Sometimes, relevant records are produced long after the person of interest is dead. Here are some examples:
- An estate may remain undivided during the surviving spouse’s lifetime. The records of how the estate was divided and who the heirs were might be decades later.
- A record may have been copied at a later time, for example as part of court proceedings or a chartulary. The original record may not survive, but the later copy might.
- Land records may include details about the provenance of the land. Other land transactions were initially recorded privately, and only later copied into public records.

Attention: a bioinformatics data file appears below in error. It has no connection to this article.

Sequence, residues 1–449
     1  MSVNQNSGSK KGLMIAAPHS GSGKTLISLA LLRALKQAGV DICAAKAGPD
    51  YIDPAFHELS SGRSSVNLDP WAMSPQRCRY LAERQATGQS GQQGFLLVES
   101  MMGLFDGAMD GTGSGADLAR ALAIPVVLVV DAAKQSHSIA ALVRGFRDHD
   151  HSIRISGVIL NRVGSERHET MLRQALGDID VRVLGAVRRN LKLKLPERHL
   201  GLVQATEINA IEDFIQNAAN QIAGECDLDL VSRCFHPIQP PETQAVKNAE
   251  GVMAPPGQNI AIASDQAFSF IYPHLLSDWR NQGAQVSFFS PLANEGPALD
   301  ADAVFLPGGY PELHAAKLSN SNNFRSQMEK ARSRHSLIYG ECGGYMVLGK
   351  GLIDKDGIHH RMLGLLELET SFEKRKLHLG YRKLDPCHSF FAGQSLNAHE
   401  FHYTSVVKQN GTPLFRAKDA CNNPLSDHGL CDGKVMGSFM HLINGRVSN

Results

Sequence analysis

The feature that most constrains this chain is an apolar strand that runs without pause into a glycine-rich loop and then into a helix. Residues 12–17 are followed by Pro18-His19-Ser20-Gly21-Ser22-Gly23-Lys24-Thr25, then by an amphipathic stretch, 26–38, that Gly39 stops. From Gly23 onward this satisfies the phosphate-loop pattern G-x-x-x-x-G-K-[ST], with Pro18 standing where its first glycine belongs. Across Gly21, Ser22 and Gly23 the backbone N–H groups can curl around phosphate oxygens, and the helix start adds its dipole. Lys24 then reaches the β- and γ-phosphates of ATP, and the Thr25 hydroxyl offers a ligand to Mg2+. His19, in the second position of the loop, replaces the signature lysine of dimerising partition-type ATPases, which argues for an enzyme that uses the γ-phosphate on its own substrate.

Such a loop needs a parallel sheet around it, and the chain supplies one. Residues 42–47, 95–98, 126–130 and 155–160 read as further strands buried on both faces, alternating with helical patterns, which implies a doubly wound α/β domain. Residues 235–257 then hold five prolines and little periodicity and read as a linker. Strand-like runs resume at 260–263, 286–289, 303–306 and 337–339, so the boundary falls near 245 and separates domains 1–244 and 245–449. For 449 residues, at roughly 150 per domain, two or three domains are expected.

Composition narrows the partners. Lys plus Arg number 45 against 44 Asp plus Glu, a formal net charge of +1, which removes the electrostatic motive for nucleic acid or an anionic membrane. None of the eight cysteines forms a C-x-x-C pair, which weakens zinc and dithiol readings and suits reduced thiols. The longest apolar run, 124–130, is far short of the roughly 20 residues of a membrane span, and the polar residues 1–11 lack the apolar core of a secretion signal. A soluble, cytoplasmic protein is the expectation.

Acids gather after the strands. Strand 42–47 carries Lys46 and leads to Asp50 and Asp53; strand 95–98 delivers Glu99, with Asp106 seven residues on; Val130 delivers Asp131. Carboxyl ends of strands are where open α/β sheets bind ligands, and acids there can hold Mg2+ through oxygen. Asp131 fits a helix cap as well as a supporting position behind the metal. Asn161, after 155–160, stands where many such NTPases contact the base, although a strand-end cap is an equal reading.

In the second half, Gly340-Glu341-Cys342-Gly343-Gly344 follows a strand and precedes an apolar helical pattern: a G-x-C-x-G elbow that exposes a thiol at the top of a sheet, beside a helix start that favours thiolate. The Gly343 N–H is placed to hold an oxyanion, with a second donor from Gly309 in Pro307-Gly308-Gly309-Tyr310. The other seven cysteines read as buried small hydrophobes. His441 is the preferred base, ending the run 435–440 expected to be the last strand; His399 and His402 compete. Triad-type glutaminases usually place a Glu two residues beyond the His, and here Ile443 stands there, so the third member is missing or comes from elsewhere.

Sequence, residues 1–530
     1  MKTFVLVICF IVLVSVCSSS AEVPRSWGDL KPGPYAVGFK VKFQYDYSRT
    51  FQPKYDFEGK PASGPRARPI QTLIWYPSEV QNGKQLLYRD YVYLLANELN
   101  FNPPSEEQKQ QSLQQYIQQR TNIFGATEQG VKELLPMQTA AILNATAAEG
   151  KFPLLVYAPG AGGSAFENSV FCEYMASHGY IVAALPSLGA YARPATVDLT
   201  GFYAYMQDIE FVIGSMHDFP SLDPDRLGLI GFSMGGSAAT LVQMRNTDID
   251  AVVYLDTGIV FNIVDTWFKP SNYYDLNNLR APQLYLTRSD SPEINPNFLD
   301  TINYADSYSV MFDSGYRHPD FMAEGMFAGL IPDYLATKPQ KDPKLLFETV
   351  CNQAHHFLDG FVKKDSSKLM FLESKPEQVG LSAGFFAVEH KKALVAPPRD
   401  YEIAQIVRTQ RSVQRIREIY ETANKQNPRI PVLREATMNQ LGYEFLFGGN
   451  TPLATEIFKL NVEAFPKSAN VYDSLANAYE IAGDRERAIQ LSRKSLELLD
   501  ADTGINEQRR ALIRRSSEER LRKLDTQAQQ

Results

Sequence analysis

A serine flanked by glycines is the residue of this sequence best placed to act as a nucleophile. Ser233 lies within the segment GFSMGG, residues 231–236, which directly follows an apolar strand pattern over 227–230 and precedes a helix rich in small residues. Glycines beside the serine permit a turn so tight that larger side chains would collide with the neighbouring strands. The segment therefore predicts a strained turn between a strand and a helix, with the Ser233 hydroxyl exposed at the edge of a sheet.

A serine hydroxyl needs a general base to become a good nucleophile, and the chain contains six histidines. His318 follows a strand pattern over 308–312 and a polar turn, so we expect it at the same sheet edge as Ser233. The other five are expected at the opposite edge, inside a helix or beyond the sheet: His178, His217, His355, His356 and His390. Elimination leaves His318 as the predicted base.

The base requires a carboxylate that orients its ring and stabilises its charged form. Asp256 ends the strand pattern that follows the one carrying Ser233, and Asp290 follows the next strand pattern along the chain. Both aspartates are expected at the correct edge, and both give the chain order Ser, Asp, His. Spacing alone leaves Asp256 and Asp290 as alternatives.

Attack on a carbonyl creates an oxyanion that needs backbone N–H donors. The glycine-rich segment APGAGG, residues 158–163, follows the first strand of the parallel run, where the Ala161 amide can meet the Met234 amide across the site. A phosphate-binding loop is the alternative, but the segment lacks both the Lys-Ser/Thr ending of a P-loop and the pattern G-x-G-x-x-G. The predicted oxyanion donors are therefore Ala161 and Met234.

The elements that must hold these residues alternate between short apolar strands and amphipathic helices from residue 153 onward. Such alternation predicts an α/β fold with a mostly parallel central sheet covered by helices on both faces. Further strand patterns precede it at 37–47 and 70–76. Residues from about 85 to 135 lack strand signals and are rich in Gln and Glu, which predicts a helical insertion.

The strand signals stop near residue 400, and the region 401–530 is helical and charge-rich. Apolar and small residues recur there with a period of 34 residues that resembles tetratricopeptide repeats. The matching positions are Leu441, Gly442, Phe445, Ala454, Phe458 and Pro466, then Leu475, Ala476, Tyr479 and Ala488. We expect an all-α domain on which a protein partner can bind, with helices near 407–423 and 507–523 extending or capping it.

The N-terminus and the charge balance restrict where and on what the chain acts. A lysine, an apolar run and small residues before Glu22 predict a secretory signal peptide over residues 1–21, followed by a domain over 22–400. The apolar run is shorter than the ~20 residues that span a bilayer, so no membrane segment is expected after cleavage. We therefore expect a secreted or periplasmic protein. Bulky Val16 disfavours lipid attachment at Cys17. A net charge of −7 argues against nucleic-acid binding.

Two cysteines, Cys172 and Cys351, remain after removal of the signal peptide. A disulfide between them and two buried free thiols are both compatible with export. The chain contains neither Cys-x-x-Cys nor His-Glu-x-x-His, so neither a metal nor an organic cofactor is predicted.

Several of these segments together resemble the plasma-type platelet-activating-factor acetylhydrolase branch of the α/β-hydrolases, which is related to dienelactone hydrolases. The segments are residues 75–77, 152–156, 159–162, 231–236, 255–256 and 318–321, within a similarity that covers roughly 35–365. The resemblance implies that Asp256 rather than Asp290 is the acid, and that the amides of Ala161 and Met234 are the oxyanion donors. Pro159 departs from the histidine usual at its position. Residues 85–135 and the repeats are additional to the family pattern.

For an example of a much newer record providing relevant evidence, see generation 22 of my line back to Eleanor of Aquitaine, where a record from 1574/1575 describes the original grant in 1346 by the Duke of Brabant to his bastard brother Jan van Blaesveld. This record, created more than two centuries after the fact, became part of the proof argument to prove the parents of Jan van Blaesveld.